Down Syndrome is a type of intellectual disability that is caused by a malfunction in the human genome, specifically the 21st chromosome.
People who suffer from Down Syndrome usually aren’t able to live as independently as their counterparts of average mental capability are.
Freia David, who died earlier this week at the age of 55, was a longtime employee McDonald’s. As a matter of fact, Ms. David worked for McDonald’s for roughly 32 years.
Even more interestingly, Freia David only worked in one restaurant throughout her entire career with McDonald’s, which was located in Needham.
Ms. David had been retired from her long-held job at that Needham McDonald’s fast food restaurant for just about three years at the time of her death on April 30, 2019.
The world found out about the passing of Freia David on Sunday, May 5, 2019.
CBS Boston, a local news channel that generally covers local news in Boston, Massachusetts, has previously done a story on Ms. Freia, during which reporters shared that Freia David was also the most friendly employee there.
Further, she was generally more willing to talk than the remainder of her counterparts at the Needham McDonald’s.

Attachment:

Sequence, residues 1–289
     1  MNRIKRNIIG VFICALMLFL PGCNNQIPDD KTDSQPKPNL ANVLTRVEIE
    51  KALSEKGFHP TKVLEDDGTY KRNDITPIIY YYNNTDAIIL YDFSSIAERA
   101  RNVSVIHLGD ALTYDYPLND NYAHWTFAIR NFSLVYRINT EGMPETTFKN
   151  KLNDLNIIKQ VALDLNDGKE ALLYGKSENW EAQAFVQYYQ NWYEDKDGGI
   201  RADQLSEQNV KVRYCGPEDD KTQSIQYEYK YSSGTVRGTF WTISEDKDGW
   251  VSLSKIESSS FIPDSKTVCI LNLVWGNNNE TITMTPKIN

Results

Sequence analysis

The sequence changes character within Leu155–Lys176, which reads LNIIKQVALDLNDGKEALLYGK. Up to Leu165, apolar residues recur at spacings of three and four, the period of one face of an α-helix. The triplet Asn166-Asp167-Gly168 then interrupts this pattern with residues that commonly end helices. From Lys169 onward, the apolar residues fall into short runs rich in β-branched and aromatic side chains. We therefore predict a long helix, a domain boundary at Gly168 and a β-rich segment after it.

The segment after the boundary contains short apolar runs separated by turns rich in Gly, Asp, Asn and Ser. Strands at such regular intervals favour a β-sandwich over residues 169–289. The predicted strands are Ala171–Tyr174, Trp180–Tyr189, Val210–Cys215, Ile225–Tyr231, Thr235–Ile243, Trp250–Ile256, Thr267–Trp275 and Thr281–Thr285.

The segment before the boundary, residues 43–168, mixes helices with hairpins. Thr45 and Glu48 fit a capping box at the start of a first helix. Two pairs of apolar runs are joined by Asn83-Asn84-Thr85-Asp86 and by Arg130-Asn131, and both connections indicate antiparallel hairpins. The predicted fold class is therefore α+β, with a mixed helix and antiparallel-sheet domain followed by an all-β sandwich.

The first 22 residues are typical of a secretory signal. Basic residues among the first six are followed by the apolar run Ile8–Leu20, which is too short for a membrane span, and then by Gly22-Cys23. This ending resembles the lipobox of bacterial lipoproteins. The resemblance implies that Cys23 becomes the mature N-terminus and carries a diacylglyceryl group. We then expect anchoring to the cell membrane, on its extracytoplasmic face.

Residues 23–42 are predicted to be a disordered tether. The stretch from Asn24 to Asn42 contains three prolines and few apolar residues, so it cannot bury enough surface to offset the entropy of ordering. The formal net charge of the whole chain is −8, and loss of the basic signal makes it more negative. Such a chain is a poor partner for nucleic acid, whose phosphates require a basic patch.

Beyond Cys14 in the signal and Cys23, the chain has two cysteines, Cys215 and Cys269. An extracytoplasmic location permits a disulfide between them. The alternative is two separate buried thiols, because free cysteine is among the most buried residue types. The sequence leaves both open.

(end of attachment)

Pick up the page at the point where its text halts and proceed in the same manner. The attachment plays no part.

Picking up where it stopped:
The Boston Globe, a newspaper that is located in none other than Boston, Massachusetts, also published an obituary for Ms. Freia David, which, in part, recognized the fact that she was able to work just as well as anybody else without letting her Down Syndrome get in the way.
Freia David first got her job at the Needham McDonald’s 35 years ago, in 1984.
Ms. David was given the job through a program that places employees who are disabled intellectually at jobs that they will be able to manage.
The name of the program through which Ms. Freia David found employment was called the Charles River Center’s job placement program.
Ms. David actually lived at the Charles River Center in Needham in the three-odd years since she had retired from her job at McDonald’s.
She was found there at the time of her death.
The Charles River Center, believe it or not, worked with Freia David as one of its initial interactions with people who needed work but were intellectually disabled.